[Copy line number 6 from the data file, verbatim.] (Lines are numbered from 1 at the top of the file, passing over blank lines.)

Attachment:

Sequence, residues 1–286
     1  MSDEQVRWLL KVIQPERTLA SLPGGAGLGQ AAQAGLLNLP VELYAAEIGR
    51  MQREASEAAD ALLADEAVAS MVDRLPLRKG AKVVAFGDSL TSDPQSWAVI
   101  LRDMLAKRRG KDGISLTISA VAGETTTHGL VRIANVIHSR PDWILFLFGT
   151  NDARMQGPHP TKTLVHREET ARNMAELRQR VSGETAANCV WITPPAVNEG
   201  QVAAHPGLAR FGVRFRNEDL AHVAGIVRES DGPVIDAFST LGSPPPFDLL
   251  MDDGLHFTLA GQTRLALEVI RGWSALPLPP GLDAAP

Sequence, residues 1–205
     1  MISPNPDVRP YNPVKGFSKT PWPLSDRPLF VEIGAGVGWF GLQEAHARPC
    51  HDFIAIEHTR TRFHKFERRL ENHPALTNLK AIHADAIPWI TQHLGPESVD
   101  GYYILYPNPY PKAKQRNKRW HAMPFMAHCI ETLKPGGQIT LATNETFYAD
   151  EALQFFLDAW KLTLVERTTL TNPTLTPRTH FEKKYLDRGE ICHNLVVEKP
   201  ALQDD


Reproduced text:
   201  QVAAHPGLAR FGVRFRNEDL AHVAGIVRES DGPVIDAFST LGSPPPFDLL